The library's conservators investigated other possibilities and found that advanced digital images that are able to reveal obliterated texts is being developed by Dr. Roger Easton of the Chester F. Carlson Center for Imaging Science a the Rochester Institute of Technology and Dr. Keith Knox, principal scientist of the Digital Imaging Technology Center of Xerox. The manuscript was brought to Rochester to be photographed. Although the results are not yet complete, the digital images of this seemingly blank page reveal that the prayer book was completed by the scribe Efraim ben Joab of Modena on Friday, in Florence, on the thirteenth day of the month of Nisan,probably in the year 1487. Unfortunately, the patron's name is still too unclear to be read with certainty. Now that the scientists know which light, filters and exposures yield the best results, they are optimistic that in the next round of photography, the entire text will be revealed. Currently, a list is being compiled of other manuscripts at the library in which valuable information has been erased. Once funds have been raised for this project, the equipment and technicians from Rochester will come to the library to photograph them, allowing the secrets of the Renaissance to be revealed by means of twenty-first-century technology.
David Kimhi (Provence, 1160?–1235?), a leading grammarian and Bible commentator, was known for his Seferha-Shorashim, a biblical lexicon. That work set a standards soon as it was published, and several scholars honored it by adding their own notes and corrections in its margins. Among them was the most eminent Hebrew philologist of his day, Elijah (Levita) Bahur (Italy,1468 or 1469–1549), who taught both Jewish and Christian humanists. Bahur's glosses, which he called Nimmukim,were incorporated into several editions of the Shorashim.
These reached Shabbethai Sofer, an outstanding sixteenth-seventeenth century Hebraist in Przmysl, Poland, who was an ardent admirer of Kimhi. Sofer felt that many of Bahur's criticisms were wrong-headed, and he set out to defend Kimhi. Since Sofer's copy of the Shorashim did not contain Bahur's Nimmukim,he wrote out the entire text of the Nimmukim at the back of his copy and penned his refutations of Bahur alongside the passages he found objectionable. Sofer also added several glosses of his own in the margins of his copy of Sefer ha-Shorashim.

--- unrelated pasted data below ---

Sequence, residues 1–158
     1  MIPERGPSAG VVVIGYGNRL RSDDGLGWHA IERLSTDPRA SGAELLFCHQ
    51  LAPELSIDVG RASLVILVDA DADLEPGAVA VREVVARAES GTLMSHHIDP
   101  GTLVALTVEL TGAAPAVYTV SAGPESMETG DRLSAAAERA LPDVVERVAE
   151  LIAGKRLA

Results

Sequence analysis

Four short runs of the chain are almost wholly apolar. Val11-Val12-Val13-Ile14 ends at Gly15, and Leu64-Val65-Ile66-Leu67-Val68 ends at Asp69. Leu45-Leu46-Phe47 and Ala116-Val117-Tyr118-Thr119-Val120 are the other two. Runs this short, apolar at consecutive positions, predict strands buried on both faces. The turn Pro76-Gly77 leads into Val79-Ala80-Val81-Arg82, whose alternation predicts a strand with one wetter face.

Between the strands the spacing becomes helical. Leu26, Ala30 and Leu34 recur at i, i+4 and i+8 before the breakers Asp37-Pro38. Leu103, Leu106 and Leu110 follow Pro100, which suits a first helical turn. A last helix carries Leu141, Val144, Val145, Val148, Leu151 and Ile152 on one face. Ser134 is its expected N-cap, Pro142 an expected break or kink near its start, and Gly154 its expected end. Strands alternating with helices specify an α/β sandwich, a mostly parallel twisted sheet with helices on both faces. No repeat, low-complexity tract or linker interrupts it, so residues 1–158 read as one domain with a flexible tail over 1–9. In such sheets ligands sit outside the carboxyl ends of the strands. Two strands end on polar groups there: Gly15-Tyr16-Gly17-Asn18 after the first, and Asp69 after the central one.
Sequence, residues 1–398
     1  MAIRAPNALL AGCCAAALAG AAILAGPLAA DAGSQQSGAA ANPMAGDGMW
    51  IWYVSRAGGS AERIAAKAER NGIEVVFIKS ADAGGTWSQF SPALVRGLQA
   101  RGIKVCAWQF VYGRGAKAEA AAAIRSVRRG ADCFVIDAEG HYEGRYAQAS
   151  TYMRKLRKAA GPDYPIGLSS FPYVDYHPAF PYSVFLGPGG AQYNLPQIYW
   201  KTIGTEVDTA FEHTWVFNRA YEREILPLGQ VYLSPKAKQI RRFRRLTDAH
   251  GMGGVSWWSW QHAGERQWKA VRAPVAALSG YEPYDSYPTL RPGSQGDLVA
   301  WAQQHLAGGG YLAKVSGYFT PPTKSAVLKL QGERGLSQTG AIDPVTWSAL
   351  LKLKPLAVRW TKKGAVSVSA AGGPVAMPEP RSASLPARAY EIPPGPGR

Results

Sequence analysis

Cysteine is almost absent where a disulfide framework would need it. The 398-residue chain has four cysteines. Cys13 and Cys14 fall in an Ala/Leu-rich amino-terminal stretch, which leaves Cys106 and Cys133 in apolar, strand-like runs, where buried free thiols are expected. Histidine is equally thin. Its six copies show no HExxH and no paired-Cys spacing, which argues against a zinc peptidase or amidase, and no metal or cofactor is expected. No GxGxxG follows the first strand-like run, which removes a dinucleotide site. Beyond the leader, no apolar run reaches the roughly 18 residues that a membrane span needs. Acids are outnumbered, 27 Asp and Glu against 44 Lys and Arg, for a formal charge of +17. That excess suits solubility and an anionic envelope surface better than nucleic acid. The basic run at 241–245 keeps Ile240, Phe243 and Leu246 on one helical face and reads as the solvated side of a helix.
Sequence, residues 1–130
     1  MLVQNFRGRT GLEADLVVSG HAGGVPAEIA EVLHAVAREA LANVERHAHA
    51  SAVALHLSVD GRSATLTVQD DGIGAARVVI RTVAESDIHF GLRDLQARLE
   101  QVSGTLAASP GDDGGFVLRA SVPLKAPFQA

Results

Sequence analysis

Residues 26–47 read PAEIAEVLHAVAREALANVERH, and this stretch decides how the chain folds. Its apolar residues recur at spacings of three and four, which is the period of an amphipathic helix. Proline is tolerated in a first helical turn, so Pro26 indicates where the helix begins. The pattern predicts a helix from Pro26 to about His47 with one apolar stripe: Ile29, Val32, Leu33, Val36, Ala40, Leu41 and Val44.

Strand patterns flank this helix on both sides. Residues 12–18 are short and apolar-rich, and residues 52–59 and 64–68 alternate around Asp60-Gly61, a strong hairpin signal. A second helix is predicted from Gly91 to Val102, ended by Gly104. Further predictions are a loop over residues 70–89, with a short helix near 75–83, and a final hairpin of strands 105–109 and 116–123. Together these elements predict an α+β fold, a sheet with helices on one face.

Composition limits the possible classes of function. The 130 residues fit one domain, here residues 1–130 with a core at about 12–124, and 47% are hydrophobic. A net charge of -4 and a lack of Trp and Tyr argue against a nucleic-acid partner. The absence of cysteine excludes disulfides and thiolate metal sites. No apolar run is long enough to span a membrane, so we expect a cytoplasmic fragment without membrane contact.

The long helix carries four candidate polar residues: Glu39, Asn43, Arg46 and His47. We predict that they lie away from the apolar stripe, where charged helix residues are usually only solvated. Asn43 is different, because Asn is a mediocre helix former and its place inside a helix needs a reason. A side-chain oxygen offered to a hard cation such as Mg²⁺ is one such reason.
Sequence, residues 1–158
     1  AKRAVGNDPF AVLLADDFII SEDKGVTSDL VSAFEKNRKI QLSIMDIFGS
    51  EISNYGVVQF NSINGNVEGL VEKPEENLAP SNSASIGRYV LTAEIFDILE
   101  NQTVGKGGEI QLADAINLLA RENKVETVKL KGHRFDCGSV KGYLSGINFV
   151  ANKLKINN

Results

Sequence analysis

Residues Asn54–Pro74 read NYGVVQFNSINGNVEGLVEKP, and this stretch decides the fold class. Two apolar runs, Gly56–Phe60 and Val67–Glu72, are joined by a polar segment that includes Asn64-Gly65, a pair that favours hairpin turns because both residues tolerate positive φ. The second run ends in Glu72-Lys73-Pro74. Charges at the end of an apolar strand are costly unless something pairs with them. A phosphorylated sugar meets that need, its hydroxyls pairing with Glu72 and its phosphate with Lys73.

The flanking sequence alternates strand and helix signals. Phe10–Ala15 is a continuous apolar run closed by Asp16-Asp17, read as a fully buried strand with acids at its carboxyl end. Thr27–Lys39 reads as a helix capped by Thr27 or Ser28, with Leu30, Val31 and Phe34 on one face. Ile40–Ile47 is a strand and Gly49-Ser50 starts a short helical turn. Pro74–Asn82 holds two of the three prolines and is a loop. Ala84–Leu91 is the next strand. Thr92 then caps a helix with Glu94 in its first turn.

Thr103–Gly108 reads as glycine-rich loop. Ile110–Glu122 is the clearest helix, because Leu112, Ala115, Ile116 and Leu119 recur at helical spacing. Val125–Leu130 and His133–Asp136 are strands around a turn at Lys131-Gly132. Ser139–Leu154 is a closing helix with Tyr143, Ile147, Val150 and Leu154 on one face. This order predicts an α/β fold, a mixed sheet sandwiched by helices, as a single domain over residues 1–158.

We found the lost original of Sofer's defense of Kimhi,together with his aforementioned marginal notes to the Shorashim,in our MS 2937. This discovery was authenticated by comparison with samples of Shabbethai Sofer's handwriting.
As an additional benefit, the manuscript contributed to the solution of a biographical puzzle regarding the end of Sofer's life.His biographer, Stephan C. Reif, indicated uncertainty as to when and where Sofer died, suggesting that his last work was a 1630 poem concerning a martyr's death in Przmysl, and that he died circa 1635.Since Sofer announced at the conclusion of our manuscript, "I wrote this today, Sunday 3 Elul, 397 [i.e., 1637] here in Jerusalem," we know that he was active after 1635, and was living in Jerusalem towards the end of his life. We also know that Sofer composed his defense of Kimhi when he was a mature scholar.
Among the library's treasures are twenty Italian manuscripts of exceptional and special nature. They are collections of prayers to be recited by women on various occasions. As such, they reveal expected and unexpected elements of a woman's life in Italy in the eighteenth-nineteenth centuries, when the manuscripts were composed and copied. Each manuscript is unique because it offers choices of group of prayers or alternative versions of prayers; many were written for particular woman, such as a bride, whose name is then copied into each prayer at the point where the name of the individual petitioner is recited.
The collections treat the daily life of a married woman:separating hallah from the bread dough, lighting the Sabbath candles,going to the mikvah, resuming intimate relations with her husband and prayer for harmony in their relationship. The various stages of pregnancy and childbirth are often covered, as well as a petition at the circumcision of a son.
Unlike the East European genre of women's prayers, Tehinnes,which are predominantly in Yiddish, the Italian collections, with but one exception, are entirely in Hebrew and include several readings from Scripture. Sometimes the instructions are in Italian, but many are in Hebrew. The presence of Hebrew texts, when translation into Italian was an option, imply that the women who used them had learned Hebrew.
Many of the petitions were designed to supplement the three services in the daily liturgy, Shaharit, Minhah,and Arvit, which indicates that many women in this period prayed three times a day. Some prayers, moreover, we redesigned for portions of the service only heard in public, viz.,prayers said when kaddish was recited. There is also a prayer upon a woman's return to the synagogue after giving birth. This implies that women regularly attended services and that the life of the synagogue figured meaningfully in their lives.
Funds raised by the Friends of The Library were used recently to purchase rare books and manuscripts for the library adding to its world-renowned collection in various areas of Judaica:
Both ketubbot are documents belonging to the Karaite community in the Crimea and date around the period when Karaism was classified as separate religion in the Russian Empire, on a par with Judaism and Islam. The ketubbot are beautifully illustrated in the typical style offhand-decorated Crimean ketubbot and the entire text is written in Hebrew.